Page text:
Book: Catholic Etiquette for Children at Mass
Author: Kay Lynn Isca
Our Sunday Visitor, Huntington, IN. pp.30
Excerpt from foreword:
I wouldn't be a priest today if it weren't for Mon and Dad taking me to Mass every Sunday. Nor would we have as many devout Catholics today if it weren't for their parents who valued going to church as a family.
Most of us would agree that our first experience inside a church — with its statues, sacred symbols, and the profound way parishioners focused on the altar during Mass — was spellbinding. As beautiful as these memories are, Kay Lynn Isca counsels us that there is more to this idyllic picture than meets the eye. As angelic as children may sometimes look, they can be anything but angels, especially when they are at Mass. Even when they are angelic, getting them to fit in with the congregation often take the patience of Job, and the wisdom of Solomon. How might parents tastefully achieve this?
The answer is found in the word "etiquette" in Isca's booklet Catholic Etiquette for Children at Mass. "Etiquette" means to have good form. Applying this definition to parents who take their children to Mass, Isca demonstrates how this translates into having a sound mental outlook and know how to employ the right moves when various occasions call for it.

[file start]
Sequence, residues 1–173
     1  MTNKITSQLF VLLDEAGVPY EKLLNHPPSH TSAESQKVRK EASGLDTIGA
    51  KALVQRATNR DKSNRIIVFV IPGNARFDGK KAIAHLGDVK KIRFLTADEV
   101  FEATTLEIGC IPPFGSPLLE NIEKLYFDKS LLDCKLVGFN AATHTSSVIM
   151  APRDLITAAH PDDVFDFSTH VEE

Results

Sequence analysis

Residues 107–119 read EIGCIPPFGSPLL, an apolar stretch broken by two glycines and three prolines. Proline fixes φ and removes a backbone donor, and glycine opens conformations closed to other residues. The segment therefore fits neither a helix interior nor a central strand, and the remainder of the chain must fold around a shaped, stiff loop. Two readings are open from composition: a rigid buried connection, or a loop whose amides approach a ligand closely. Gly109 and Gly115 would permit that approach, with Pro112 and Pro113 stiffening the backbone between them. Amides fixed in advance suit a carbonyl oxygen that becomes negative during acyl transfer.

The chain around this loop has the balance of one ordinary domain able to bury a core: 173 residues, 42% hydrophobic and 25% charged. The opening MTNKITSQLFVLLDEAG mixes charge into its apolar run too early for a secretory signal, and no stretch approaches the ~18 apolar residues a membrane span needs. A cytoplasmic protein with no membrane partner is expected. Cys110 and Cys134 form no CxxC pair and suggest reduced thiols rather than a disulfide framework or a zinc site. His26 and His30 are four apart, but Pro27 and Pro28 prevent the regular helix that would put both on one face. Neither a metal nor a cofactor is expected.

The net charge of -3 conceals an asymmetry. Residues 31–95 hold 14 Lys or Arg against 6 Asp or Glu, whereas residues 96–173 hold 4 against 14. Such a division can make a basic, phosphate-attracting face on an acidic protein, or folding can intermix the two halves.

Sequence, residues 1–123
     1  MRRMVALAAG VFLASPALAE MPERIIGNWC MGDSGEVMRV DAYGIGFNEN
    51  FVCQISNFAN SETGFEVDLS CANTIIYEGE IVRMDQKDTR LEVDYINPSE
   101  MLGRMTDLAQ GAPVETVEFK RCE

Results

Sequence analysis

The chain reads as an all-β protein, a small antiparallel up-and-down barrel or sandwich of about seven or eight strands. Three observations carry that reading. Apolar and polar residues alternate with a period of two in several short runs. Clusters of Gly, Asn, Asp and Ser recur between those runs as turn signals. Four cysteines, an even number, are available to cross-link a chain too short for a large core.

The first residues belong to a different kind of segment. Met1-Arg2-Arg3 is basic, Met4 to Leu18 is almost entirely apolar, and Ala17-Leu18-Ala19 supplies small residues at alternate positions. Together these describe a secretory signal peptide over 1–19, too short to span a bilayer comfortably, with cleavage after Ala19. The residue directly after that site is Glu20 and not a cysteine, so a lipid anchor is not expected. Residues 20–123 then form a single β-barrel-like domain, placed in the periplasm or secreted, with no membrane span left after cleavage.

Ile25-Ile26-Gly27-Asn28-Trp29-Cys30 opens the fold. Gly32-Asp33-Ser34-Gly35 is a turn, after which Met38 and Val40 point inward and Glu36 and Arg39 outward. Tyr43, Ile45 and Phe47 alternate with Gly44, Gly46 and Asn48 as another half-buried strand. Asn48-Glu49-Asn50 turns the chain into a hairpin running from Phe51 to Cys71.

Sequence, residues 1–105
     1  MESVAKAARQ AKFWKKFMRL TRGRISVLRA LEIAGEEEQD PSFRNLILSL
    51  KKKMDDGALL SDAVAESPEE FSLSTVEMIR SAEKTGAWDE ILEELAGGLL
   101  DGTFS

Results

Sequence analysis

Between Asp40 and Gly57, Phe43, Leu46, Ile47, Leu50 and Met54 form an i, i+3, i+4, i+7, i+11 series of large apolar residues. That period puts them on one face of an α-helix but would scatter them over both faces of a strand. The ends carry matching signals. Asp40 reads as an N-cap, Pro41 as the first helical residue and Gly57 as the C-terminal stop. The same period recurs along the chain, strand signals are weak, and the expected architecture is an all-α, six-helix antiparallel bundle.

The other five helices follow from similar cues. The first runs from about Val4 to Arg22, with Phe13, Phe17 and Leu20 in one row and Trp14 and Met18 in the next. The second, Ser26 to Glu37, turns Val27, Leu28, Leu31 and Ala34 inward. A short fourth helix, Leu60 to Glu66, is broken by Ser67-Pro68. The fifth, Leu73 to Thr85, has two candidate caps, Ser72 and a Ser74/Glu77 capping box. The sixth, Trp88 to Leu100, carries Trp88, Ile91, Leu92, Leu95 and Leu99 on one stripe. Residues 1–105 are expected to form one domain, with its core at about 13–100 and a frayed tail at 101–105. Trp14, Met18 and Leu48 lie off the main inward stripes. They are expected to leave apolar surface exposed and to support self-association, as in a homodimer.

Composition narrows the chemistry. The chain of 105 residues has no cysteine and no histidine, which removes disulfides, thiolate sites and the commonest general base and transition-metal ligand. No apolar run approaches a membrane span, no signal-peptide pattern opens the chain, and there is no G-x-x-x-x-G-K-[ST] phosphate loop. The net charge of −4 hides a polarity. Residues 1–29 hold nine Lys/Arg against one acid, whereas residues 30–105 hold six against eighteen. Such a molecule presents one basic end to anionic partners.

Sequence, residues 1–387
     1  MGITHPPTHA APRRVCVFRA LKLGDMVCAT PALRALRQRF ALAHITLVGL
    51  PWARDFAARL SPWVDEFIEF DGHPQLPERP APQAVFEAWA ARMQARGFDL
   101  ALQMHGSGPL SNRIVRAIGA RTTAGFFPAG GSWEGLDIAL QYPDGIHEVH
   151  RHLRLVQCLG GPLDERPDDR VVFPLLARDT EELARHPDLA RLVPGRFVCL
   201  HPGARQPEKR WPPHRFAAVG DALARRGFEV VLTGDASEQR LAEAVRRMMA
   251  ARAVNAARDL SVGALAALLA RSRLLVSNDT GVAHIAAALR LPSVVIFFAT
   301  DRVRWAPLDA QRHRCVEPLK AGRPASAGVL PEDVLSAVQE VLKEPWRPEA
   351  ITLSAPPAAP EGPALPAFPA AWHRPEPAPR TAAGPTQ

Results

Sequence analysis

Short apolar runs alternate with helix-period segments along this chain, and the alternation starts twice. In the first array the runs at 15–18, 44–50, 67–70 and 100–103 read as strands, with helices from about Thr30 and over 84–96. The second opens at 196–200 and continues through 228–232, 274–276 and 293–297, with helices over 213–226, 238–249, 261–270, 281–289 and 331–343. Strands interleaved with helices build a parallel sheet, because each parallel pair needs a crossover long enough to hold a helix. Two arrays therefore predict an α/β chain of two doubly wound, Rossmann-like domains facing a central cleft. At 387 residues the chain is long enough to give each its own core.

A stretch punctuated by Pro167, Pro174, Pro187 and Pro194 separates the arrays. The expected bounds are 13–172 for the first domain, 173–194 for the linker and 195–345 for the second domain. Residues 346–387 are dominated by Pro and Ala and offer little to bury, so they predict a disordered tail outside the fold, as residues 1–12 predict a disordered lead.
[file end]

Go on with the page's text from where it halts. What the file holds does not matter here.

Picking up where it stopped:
Excerpt from book:
Whether you choose to bring a toddler into the pew with you each week or just on occasion, some pre-planning will help minimize (but probably not eliminate) problems. Always bring along a bag that includes dry diapers or underpants and a change of cloths, just in case. As you choose a seat at Mass, plot your escape route, again just in case you need it. Though at least one expert advises parents of toddlers to pick a seat near the front so the children can see better, this is a gutsy move, and frankly not one that worked well for us. When my children were toddler age, I felt much more comfortable sitting where we were less on display and where I could make a less noticeable exit if necessary. What else should parents bring? First, let me address what not to bring — food. One of my pet peeves is parents wh feed their kids breakfast and/or snacks during Mass. Infants who must eat every few hours are one thing; toddlers swinging bottles or sippy cups and dripping sticky liquid all over the floors, seats and adjacent coats, purses, etc. are a different story. Parishioners who attend a later Mass should not have to feel like moviegoers who follow a kiddie matinee at the local theater. It upsets me, too, when I have to take my kids out of Mass only because they are whining about wanting someone else's snacks.